If you were to take a group of experienced yacht captains and ask them what worries them the most when they go to sea, weather might make the list, electronic or mechanical failures could be a concern, piracy might be another, but overwhelmingly, captains are most concerned about a fire on board.
Major fires aboard yachts seldom end well, even if the fire occurs in or near a port. Because of their complex nature created by variables such as thousands of gallons of fuel, structural plastics that become extraordinarily toxic when on fire, and complicated layouts that include multiple confined spaces, boat fires are classed as among the most dangerous types of fires to fight.
For this reason, many fire departments will not board a vessel to fight a fire, unless there is an imminent danger to life. Even the United States Coast Guard (USCG) has a strict policy against crew boarding another vessel in order to fight a fire, which does not present an immediate risk to life.
The most realistic expectation in the event of a fire is that responders will address any life safety risk and then attempt to contain the fire to the afflicted vessel and assist in protecting the environment. Heroic efforts to protect property losses are not typical.
Mitigating losses means your crew needs to react quickly and accurately to keep fire from spreading and becoming a threat to the safety of those aboard.
Although most crew will complete Standards of Training, Certification and Watch-keeping (STCW) Basic Safety Training, which includes a full day of fire-fighting training, it is a dangerous misconception to believe that this is all the training your crew will need.
Todd Kollar, the STCW Fire Training Specialist for the state of Alaska, says, ‘To meet the requirements for STCW, it is possible to complete your fire training in a single day. Up here in Alaska, where just about everywhere is “remote”, in addition to Basic Safety Training, I spend three full days on fire training – a whole day just on extinguishers – and even our intense program would not constitute complete preparation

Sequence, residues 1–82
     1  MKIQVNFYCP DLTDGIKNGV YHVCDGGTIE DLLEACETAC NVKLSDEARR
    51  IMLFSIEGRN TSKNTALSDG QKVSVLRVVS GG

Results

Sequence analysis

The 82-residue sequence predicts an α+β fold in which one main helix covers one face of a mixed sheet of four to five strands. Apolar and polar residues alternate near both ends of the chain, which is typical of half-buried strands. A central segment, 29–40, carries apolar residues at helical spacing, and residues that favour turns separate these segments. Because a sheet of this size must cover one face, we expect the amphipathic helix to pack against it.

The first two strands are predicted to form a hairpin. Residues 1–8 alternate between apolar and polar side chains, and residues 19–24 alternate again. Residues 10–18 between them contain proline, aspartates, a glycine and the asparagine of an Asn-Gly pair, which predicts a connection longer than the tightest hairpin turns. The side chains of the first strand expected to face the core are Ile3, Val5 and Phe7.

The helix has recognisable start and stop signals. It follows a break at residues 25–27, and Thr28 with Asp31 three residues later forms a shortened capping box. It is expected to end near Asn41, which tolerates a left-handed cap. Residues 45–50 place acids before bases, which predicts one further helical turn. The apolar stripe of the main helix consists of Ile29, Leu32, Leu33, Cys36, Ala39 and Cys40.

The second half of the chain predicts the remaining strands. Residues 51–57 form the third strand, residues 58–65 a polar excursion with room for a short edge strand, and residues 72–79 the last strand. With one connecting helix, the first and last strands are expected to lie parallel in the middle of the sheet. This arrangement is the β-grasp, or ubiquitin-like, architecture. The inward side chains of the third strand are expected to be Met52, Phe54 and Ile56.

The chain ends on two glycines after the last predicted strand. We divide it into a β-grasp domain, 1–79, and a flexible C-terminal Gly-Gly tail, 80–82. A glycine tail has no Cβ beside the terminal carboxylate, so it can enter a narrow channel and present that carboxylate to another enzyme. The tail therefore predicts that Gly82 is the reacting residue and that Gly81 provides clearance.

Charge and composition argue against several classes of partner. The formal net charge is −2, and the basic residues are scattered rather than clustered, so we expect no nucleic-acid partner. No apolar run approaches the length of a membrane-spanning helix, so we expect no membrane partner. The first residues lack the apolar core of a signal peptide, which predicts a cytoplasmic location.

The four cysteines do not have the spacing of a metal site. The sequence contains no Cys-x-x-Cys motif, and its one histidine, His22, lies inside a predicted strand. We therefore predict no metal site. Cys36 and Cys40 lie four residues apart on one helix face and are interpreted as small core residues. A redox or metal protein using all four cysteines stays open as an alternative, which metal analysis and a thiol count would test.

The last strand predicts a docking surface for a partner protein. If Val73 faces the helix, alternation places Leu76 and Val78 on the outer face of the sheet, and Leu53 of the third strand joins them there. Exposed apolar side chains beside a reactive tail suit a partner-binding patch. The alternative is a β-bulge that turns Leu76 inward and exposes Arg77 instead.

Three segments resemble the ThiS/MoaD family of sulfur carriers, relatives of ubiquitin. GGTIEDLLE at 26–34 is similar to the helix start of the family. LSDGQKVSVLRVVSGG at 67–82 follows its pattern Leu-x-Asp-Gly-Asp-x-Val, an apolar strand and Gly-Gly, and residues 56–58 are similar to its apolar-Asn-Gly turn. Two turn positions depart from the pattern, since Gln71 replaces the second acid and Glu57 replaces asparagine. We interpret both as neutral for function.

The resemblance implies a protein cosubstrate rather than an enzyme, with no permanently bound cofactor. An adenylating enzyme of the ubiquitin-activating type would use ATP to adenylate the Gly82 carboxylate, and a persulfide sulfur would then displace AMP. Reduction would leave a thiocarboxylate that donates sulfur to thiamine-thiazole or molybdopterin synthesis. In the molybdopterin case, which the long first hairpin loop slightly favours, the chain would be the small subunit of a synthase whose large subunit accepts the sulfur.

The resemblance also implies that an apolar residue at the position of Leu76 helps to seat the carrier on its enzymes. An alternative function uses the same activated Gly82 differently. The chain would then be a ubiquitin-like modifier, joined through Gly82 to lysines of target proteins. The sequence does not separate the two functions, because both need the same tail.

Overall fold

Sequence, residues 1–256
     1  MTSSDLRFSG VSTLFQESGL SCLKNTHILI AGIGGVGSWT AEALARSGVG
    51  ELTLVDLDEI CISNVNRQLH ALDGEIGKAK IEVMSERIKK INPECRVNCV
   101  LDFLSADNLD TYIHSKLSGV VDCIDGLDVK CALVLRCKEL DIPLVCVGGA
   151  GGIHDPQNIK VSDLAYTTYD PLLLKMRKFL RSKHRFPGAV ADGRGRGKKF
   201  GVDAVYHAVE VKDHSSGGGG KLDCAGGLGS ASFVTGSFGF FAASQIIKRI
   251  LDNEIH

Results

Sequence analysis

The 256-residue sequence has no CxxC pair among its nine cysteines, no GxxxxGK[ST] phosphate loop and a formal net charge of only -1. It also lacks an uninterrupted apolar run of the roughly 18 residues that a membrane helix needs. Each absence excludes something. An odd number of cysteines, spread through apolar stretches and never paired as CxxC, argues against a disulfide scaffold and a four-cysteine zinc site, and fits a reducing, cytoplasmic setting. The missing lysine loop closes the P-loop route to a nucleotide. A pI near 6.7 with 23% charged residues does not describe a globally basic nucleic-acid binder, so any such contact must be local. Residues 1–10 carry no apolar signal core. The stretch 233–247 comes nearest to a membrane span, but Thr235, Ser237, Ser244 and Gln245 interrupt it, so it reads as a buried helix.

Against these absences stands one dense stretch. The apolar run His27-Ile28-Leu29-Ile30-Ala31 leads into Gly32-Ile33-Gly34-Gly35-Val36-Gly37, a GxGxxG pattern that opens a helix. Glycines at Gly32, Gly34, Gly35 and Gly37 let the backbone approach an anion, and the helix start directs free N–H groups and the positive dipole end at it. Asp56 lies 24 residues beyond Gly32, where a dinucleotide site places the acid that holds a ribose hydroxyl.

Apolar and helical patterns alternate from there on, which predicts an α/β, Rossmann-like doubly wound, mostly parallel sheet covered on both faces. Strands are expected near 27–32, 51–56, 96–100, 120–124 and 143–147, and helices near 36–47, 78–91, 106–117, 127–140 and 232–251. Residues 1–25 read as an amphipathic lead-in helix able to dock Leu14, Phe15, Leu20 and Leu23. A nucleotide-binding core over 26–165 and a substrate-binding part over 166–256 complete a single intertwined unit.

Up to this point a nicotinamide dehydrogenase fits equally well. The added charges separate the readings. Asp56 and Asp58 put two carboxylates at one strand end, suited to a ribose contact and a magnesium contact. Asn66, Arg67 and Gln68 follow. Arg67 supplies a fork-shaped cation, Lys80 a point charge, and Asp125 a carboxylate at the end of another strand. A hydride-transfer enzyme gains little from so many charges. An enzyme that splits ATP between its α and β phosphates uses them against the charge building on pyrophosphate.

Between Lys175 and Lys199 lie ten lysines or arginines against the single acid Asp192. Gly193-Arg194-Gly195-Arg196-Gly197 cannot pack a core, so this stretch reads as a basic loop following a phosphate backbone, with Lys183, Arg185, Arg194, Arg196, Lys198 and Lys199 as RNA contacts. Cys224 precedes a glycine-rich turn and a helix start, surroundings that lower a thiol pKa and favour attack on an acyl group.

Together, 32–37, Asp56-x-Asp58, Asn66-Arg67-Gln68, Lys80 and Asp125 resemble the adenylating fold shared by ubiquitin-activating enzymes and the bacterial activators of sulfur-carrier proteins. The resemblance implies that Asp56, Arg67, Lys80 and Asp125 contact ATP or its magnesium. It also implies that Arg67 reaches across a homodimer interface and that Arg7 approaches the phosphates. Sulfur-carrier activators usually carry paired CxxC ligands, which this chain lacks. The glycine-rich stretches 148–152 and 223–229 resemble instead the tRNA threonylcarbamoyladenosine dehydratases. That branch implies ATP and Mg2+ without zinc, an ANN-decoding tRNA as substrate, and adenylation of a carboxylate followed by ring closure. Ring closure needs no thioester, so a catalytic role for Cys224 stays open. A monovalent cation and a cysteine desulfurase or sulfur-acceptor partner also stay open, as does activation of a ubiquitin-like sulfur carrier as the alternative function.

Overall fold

‘An STCW is not the end of safety training, it’s the beginning. It is meant to give [crew] basic knowledge and an incentive to learn more. The certificate is not a substitute for an on-board plan specific to your vessel, regular drilling and remedial training, which the captain and owner should require.’
‘We certify a lot of individuals for STCW training, but there are not many yacht crew who then come back looking for extra firefighting training,’ says Clifford Charlock, fire school manager for Resolve Maritime Academy in Fort Lauderdale, Florida.
Every year for the last four years, Captain Brad Kitcher and the entire crew of the 51m motor yacht Lazy Z have undergone refresher fire training as a team at Resolve.
‘I was very surprised when Resolve told us that we are the only yacht that conducts extra firefighting training every year as a crew,’ says Captain Kitcher.
Additionally, there are a number of services that will come to your boat and conduct a yacht-specific fire safety evaluation.